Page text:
Webster Thomas High School
Computer games, reading, programming, overclocking, eating
Science Olympiad, Math League, Orchestra, FBLA, Webster Thomas Physics Team
US Physics Olympiad semi-finalist 2010, AIME 2008-2011, MATHCOUNTS NY state 7th place, ARML upstate NY A team, Science Olympiad NY State 2nd place disease detectives, NY State Regional All State Orchestra 2008-2010, IBM Master the Mainframe Contest part II winner 2011, M3 challenge, RIT High School Programming Competition 2nd place 2010-2011, National Merit qualifier, AP scholar with distinction, Laboratory for Laser Energetics High School Summer Program
From the beginning of my schooling, I have always been very competitive in mathematics. I spent a lot of time studying math and was fairly successful, obtaining a perfect score in the MOEMS contest, 7th place the MATHCOUNTS state competition, and nearly qualifying for the USAMO. Even so, I never enjoyed math or understood its significance very well, seeing it as a collection of poorly conceived word problems involving magically transforming luggage bins and strange tournament rules, as well as cryptic, long formulas with little connection to reality.
I got my first experience in physics when, in my freshman year, my dad brought home the Feynman Lectures on Physics series. The learning curve on Feynman's lectures was a bit too steep for me to read much farther than the first few chapters, but the way that the formulas and concepts were explained from a very fundamental starting point and related to physical situations got me hooked on physics. Not long afterwards, I began to seriously study physics from Halliday Resnick. Though pushing through pages of terse, verbose text filled with calculus was difficult, especially since my knowledge of calculus came exclusively from that same text, when I finished that chapter and its exercises, the subject in question seemed simple, and I would question how I felt such difficulty only a short time earlier. Of course, I would be brought back to reality by the next chapter, where I would be confronted by more pages of confusing calculus and cryptically worded explanations.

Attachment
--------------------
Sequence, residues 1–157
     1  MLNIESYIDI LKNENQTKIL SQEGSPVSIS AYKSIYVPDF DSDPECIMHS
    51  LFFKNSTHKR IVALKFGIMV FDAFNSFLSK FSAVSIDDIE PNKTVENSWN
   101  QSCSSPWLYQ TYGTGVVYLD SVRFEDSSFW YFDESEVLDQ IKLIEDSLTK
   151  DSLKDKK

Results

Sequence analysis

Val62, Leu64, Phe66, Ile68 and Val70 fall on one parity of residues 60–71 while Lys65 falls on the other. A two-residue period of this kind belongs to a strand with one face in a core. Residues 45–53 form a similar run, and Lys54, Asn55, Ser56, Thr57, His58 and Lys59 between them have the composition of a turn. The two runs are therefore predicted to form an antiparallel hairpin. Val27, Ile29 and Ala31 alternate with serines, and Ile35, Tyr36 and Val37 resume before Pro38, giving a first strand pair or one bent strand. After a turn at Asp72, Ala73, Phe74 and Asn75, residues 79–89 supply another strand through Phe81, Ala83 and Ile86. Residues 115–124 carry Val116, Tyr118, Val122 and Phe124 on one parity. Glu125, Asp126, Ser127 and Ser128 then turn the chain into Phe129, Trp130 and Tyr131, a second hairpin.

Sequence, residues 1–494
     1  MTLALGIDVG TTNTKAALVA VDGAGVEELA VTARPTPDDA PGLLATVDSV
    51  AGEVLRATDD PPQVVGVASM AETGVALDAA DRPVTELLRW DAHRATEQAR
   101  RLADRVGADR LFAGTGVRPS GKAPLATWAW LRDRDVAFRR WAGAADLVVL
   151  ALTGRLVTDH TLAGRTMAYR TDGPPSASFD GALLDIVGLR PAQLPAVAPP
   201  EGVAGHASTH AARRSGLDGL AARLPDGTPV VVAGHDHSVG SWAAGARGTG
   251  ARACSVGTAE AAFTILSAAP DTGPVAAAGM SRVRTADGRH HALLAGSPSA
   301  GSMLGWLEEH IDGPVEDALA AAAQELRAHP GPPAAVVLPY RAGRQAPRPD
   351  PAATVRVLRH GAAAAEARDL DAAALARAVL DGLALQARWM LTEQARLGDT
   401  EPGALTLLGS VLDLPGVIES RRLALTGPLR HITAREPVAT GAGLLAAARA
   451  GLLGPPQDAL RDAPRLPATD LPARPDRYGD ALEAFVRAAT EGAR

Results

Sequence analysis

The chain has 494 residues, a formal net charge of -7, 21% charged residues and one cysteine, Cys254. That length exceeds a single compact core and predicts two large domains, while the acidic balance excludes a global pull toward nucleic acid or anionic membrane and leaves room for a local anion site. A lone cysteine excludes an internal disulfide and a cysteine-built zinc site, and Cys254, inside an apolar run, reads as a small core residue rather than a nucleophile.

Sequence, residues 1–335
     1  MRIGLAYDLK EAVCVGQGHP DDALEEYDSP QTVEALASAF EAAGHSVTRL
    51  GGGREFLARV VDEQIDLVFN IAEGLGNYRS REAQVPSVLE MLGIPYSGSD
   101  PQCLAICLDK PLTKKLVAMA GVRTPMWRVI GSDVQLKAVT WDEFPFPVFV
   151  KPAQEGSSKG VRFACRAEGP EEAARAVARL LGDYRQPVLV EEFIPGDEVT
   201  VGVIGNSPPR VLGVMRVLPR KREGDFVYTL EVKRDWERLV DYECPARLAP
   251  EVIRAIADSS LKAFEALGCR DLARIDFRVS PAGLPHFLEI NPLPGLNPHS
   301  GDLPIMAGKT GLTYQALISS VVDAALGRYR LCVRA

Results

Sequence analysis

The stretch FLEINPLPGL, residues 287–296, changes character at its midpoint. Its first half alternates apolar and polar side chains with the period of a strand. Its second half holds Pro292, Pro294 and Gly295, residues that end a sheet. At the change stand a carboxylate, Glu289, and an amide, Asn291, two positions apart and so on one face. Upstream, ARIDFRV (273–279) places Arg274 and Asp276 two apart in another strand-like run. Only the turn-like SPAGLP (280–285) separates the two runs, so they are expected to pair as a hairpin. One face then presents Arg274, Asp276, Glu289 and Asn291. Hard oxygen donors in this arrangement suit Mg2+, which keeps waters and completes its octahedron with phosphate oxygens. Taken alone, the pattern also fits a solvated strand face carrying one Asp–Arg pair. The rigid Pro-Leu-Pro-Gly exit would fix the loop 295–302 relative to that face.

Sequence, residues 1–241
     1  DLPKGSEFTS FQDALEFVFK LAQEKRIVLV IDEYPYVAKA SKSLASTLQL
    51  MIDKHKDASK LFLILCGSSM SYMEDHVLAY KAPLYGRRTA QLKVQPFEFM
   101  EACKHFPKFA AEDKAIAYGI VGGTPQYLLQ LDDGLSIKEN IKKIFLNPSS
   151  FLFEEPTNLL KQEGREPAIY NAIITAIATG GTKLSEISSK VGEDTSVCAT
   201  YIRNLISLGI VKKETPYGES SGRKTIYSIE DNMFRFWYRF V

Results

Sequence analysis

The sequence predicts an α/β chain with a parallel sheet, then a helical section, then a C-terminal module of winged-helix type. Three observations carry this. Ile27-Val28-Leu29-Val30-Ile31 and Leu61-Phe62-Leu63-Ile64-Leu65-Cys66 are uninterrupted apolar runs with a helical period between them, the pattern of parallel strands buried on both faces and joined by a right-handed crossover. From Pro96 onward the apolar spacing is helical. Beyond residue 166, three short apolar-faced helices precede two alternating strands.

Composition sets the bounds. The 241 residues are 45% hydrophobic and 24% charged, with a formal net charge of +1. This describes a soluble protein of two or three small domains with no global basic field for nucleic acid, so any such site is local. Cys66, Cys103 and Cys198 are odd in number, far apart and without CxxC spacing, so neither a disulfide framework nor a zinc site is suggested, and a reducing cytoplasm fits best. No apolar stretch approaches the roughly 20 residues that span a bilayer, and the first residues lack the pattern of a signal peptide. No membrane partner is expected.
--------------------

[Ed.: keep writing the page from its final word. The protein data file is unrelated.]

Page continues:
In my next year, I took Physics B and Calculus BC. Physics was mostly uneventful, but calculus was one of the most exciting classes that I have taken. Calculus was a fairly simple, but extremely powerful mathematical tool. I spent countless hours integrating volumes and areas just because I could. Though not extremely important to my studies in physics then, calculus became essential in E&M, and when I began to study more advanced textbooks, such as those by A.P. French, and Feynman's lectures.
When January came around, I was ready to take on the F=ma exam. I readied my pens, calculator, and ream of printer paper as I prayed that the computer wouldn't crash while I was taking the test. After 75 minutes, I thought over the train wreck of a test I produced. There was one huge problem that really hurt my score; I squandered most of my time on the elastic collisions before realizing that they had to be solved using a center-of-mass reference frame, a topic covered in depth by my textbook, but skimmed by me because I thought I knew it. Amazingly, my score was good enough to qualify for the semifinal competition. The next few months were marked by a furious rush to learn E&M, while also rigorously reviewing what I already covered. It was not enough that time and I did not pass the semifinal, but I became determined to be ready for anything the coming year. For the next 12 months, I studied hard in the rest of the topics while improving my existing knowledge in mechanics. My hard work paid off and I qualified for the US Physics Team.
Disclaimer: Information in Physics Team profiles is provided by the Team members and is in no way a reflection of AAPT's opinions or views.